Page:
About Al Muizz street

Al-Muizz li-Din Allah al-Fatimi Street (Arabic: شارع المعز لدين الله الفاطمي), or al-Muizz Street for short, is a major north-to-south street in the walled city of historic Cairo, Egypt. It is one of Cairo’s oldest streets as it dates back to the foundation of the city (not counting the earlier Fustat) by the Fatimid dynasty in the 10th century, under their fourth caliph, Al Muizz li Din Allah.

Historically, it was the most important artery of the city and was often referred to as the Qasaba (or Qasabah). It constituted the main axis of the city’s economic zones where its souqs (markets) were concentrated. The street’s prestige also attracted the construction of many monumental religious and charitable buildings commissioned by Egypt’s rulers and elites, making it a dense repository of historic Islamic architecture in Cairo. This is especially evident in the Bayn al Qasrayn area, which is lined with some of the most important monuments of Islamic Cairo.



Bab al Futuh, the Fatimid city gate at the northern end of al-Muizz street.

Al-Muizz street runs from the city gate of Bab al Futuh in the north to the gate of Bab Zuweila in the south, both entrances in the stone walls built by the vizier Badr al Jamali in the 11th century. This makes it one of the longest streets in the walled city, at approximately one kilometer long. Although the name al-Muizz street generally applies only to the street within the historic walled city. In practice the road begun by al-Muizz street continues (under various names) further south for a few kilometers. Passing through the Qasaba of Radwan Bey (al Khayamiya street), and finally ending at the great Qarafa necropolis (the Southern Cemetery or City of the Dead).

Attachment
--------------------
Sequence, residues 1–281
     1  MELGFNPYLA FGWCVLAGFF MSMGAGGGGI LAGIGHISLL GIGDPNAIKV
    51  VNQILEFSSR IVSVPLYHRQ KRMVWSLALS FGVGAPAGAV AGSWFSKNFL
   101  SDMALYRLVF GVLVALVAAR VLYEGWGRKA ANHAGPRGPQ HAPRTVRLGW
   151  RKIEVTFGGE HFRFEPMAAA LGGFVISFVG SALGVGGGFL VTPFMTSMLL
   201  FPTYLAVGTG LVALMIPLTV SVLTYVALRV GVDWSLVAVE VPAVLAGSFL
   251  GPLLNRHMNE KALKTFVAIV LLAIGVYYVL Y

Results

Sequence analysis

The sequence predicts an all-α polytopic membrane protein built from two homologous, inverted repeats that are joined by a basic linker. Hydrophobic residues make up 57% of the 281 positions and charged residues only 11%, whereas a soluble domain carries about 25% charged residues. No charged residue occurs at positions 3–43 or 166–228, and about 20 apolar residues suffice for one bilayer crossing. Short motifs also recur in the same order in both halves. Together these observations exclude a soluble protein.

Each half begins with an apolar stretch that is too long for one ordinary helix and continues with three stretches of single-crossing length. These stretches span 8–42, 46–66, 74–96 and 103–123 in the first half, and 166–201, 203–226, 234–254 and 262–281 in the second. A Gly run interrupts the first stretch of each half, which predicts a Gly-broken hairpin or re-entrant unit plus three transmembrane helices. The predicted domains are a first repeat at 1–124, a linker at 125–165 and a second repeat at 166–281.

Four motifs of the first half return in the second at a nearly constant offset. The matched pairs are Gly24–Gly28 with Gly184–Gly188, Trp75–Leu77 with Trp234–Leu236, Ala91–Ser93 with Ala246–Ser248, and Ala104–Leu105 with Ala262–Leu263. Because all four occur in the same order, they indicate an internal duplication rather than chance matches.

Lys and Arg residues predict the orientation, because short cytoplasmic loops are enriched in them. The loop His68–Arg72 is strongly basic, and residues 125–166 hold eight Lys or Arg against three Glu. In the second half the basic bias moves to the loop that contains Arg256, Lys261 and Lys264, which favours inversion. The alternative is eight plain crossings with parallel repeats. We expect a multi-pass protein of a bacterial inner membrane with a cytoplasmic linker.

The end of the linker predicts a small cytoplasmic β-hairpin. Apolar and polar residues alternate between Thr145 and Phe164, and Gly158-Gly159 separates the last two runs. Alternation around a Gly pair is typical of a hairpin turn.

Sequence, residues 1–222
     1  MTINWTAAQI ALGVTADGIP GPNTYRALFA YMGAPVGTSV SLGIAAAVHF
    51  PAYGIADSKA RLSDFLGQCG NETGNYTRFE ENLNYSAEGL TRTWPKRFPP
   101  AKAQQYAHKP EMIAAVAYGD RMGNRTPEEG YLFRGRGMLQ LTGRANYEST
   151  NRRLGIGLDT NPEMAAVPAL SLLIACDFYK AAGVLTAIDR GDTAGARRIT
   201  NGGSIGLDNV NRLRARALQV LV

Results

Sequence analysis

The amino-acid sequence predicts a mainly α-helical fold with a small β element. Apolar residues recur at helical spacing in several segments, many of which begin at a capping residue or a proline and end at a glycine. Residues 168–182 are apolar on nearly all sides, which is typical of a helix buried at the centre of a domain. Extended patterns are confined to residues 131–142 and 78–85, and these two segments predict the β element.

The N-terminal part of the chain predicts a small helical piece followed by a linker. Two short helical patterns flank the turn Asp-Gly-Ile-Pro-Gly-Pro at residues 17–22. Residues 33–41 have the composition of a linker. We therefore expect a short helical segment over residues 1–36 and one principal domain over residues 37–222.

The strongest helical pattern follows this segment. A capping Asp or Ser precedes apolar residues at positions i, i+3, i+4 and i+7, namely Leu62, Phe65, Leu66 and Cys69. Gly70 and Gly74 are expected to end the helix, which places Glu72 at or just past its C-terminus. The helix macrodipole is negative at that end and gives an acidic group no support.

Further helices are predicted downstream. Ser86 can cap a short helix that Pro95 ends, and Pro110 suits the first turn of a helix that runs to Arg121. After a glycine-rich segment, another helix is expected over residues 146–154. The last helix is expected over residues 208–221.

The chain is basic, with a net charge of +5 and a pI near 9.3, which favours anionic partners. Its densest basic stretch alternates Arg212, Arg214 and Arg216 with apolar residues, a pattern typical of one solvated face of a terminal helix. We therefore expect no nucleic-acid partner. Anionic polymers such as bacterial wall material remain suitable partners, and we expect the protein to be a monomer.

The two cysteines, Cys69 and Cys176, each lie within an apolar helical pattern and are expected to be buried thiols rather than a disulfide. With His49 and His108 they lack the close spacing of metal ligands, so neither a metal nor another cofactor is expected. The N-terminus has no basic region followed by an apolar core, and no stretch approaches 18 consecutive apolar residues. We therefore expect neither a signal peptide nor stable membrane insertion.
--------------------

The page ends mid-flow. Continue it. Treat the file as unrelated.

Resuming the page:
Historically, the street was referred to as the Qasaba and constituted the main urban axis of economic and religious life.

The Fatimids conquered Egypt in 969 CE with a North African Kutama army under the command of the general. In 970, Jawhar was responsible for planning. Founding, and constructing a new city to serve as the residence and center of power for the Fatimid Caliphs. People called the city al-Mu’izziyya al-Qaahirah. The “Victorious City of al Muizz”, later simply called “al-Qahira”, which gave us the modern name of Cairo.

The city was located northeast of Fustat, the existing capital and main city of Egypt. Jawhar organized the city so that Two great palaces for the caliphs were at its center. While between them was an important plaza Bayn al Qasrayn (“Between the Two Palaces”). The city’s main street connected its northern and southern gates and passed between the palaces via Bayn al-Qasrayn. In this period of the city’s history, however, Cairo was a restricted city accessible only to the caliph. The army, state officials, and other persons required for the palace-city’s functioning.